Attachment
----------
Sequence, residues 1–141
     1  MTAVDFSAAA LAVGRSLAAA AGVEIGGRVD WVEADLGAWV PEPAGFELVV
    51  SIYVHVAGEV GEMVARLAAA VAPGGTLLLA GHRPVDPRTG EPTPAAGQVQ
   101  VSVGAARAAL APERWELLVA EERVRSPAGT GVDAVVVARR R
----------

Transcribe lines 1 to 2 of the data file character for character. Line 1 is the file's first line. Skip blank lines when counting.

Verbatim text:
Sequence, residues 1–141
     1  MTAVDFSAAA LAVGRSLAAA AGVEIGGRVD WVEADLGAWV PEPAGFELVV